The impact of image resolution on computation of fractional flow reserve: coronary computed tomography angiography versus 3-dimensional quantitative coronary angiography

  • Lili Liu
  • Wenjie Yang
  • Yasuomi Nagahara
  • Yingguang Li
  • Saeb R. Lamooki
  • Takashi Muramatsu
  • Pieter Kitslaar
  • Masayoshi Sarai
  • Yukio Ozaki
  • Peter Barlis
  • Fuhua Yan
  • Johan H. C. Reiber
  • Shengxian Tu
Original Paper


Calculation of fractional flow reserve (FFR) based on computational fluid dynamics (CFD) requires reconstruction of patient-specific coronary geometry and estimation of hyperemic flow rate. Coronary computed tomography angiography (CCTA) and invasive coronary angiography (ICA) are two dominating imaging modalities used for the geometrical reconstruction. Our aim was to investigate the impact of image resolution as inherently associated with these two imaging modalities on geometrical reconstruction and subsequent FFR calculation. Patients with mild or intermediate coronary stenoses who underwent both CCTA and ICA were included. CCTA images were acquired either by 320-row area detector CT or by 128-slice dual-source CT. Two geometrical models were reconstructed separately from CCTA and ICA, from which FFRCTA and FFRQCA were subsequently calculated using CFD simulations, applying the same hyperemic flow rate derived from the ICA images at the inlet boundaries. A total of 57 vessels in 41 patients were analyzed. Average diameter stenosis was 43.4 ± 10.8 % by 3D QCA. Reasonably good correlation between FFRCTA and FFRQCA was observed (r = 0.71, p < 0.001). The difference between FFRCTA and FFRQCA was correlated with the deviation between minimal lumen areas by CCTA and by ICA (ρ = 0.34, p = 0.01), but not with plaque volume (ρ = −0.09, p = 0.51) or calcified plaque volume (ρ = 0.01, p = 0.95). Applying the cutoff value of ≤0.8 to both FFRCTA and FFRQCA, the agreement between FFRCTA and FFRQCA in discriminating functional significant stenoses was moderate (kappa 0.47, p < 0.001). Disagreement was found in 10 (17.5 %) vessels. Acceptable correlation between FFRCTA and FFRQCA was observed, while their agreement in distinguishing functional significant stenosis was moderate. Our results suggest that image resolution has a significant impact on FFR computation.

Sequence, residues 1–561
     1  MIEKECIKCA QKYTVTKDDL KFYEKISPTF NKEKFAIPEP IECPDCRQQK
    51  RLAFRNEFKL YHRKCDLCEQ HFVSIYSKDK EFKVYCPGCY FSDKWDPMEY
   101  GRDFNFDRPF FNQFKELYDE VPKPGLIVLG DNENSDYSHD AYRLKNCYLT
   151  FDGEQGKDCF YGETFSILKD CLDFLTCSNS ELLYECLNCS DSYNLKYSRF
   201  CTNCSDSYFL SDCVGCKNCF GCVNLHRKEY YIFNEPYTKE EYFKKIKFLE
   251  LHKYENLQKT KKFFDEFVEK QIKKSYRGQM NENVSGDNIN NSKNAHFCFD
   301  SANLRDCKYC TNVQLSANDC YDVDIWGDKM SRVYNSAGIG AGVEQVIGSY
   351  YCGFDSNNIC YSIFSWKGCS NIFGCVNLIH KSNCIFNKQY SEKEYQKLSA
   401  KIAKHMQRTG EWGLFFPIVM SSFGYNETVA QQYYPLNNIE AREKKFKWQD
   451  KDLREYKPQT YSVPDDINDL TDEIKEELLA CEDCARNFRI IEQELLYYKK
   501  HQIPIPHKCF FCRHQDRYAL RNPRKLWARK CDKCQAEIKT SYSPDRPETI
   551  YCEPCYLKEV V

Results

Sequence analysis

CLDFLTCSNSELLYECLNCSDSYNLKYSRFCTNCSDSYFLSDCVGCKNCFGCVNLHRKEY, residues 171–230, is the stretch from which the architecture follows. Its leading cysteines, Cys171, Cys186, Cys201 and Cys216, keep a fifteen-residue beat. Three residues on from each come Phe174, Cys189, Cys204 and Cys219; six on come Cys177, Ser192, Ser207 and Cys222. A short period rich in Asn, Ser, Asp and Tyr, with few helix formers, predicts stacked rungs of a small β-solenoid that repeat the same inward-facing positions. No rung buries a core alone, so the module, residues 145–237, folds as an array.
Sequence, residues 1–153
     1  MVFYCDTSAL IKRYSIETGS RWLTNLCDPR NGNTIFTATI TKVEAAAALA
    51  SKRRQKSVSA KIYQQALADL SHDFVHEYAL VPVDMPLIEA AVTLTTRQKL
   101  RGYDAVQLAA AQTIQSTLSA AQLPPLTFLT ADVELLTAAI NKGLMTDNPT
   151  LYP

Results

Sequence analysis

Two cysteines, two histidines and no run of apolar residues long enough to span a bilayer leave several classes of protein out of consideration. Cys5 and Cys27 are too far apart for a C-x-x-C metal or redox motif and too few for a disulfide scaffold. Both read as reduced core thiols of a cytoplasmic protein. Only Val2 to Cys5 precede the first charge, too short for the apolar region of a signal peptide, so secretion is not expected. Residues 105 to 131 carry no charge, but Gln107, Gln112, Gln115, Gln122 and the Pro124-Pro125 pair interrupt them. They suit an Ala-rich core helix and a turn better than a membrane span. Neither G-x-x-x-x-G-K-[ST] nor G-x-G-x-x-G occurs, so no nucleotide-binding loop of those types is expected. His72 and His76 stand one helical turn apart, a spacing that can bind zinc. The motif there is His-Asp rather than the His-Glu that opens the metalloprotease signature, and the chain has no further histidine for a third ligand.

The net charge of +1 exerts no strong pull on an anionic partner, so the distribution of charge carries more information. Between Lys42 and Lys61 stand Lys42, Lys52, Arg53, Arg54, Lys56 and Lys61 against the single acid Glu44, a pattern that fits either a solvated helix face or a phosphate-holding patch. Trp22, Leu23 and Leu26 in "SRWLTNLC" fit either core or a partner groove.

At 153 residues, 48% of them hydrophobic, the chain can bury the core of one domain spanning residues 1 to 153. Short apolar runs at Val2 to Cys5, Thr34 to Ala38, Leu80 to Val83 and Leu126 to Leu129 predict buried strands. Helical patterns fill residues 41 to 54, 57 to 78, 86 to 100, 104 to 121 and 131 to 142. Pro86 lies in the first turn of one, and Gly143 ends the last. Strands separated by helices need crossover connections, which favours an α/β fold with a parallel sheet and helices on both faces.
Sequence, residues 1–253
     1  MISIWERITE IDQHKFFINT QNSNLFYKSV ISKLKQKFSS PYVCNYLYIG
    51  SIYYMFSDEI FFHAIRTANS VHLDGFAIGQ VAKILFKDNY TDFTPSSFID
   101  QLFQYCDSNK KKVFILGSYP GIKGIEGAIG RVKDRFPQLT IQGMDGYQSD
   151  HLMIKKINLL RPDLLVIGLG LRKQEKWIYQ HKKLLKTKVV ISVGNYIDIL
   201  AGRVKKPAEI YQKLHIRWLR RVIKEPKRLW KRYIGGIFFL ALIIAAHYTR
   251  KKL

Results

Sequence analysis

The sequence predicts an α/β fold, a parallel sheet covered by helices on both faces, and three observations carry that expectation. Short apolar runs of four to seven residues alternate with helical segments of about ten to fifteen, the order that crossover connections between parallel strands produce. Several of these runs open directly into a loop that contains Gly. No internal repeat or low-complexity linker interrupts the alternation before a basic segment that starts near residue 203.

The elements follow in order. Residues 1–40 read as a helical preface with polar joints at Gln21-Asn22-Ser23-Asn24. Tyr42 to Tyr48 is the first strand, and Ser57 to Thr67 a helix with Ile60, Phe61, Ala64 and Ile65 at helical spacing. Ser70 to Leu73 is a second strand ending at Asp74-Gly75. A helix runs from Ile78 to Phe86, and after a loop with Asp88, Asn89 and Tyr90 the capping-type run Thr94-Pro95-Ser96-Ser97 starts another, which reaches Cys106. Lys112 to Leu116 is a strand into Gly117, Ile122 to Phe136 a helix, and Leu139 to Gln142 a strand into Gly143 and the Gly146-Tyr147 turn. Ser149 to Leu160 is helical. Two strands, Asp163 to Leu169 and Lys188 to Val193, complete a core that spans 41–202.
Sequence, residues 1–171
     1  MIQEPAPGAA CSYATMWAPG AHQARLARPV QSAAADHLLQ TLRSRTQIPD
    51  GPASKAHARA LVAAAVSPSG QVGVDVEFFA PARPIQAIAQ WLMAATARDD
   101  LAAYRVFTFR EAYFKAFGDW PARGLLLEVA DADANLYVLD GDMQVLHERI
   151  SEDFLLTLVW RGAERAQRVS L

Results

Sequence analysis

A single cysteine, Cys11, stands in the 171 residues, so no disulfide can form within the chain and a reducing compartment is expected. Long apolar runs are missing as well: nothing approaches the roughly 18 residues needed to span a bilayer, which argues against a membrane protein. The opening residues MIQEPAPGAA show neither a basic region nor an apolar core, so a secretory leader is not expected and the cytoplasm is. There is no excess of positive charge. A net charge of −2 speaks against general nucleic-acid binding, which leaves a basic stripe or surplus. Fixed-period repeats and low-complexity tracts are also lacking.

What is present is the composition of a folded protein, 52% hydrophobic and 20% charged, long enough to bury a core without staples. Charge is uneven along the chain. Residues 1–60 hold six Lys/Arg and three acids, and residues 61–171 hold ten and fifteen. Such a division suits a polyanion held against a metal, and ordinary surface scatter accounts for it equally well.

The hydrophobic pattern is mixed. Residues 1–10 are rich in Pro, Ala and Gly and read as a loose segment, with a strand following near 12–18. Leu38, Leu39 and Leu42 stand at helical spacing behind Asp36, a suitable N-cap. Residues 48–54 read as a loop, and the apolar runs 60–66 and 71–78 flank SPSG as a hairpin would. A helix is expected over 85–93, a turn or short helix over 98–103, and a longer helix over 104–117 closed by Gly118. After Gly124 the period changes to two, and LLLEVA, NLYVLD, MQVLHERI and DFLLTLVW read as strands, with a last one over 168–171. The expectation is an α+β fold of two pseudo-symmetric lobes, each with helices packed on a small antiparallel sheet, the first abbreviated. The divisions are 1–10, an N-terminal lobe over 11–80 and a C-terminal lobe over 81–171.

Computational fluid dynamics Coronary computed tomography angiography Fractional flow reserve Quantitative coronary angiography 



320-row area detector CT


Coronary computed tomography angiography


Computational fluid dynamics


128-slice dual-source CT


Fractional flow reserve


Invasive coronary angiography


Minimum lumen area


Optical coherence tomography


Quantitative coronary angiography


Volumetric flow rate



This work was supported in part by the Natural Science Foundation of China under Grant 31500797 and 81501467. Shengxian Tu would also like to acknowledge the support by the Program for Professor of Special Appointment (Eastern Scholar) at Shanghai Institutions of Higher Learning and by Shanghai Pujiang Program (No. 15PJ1404200).

Compliance with ethical standards

Conflict of interest

Y. Li and P. Kitslaar are employed by Medis medical imaging systems bv and have a research appointment at the Leiden University Medical Center (LUMC). J. H. C. Reiber is the CEO of Medis, and has a part-time appointment at LUMC as Prof. of Medical Imaging. S. Tu receives research grant support from Medis. All other authors declare that they have no conflict of interest.


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Copyright information

© Springer Science+Business Media Dordrecht 2015

Authors and Affiliations

  • Lili Liu
    • 1
  • Wenjie Yang
    • 2
  • Yasuomi Nagahara
    • 3
  • Yingguang Li
    • 4
  • Saeb R. Lamooki
    • 1
  • Takashi Muramatsu
    • 3
  • Pieter Kitslaar
    • 4
  • Masayoshi Sarai
    • 3
  • Yukio Ozaki
    • 3
  • Peter Barlis
    • 5
  • Fuhua Yan
    • 2
  • Johan H. C. Reiber
    • 4
  • Shengxian Tu
    • 1
  1. 1.Biomedical Instrument Institute, School of Biomedical EngineeringShanghai Jiao Tong UniversityShanghaiChina
  2. 2.Department of Radiology, Rui Jin HospitalShanghai Jiao Tong University School of MedicineShanghaiChina
  3. 3.Department of CardiologyFujita Health University HospitalToyoakeJapan
  4. 4.Division of Image Processing, Department of RadiologyLeiden University Medical CenterLeidenThe Netherlands
  5. 5.Department of Medicine, Faculty of Medicine, Dentistry & Health SciencesThe University of MelbourneMelbourneAustralia

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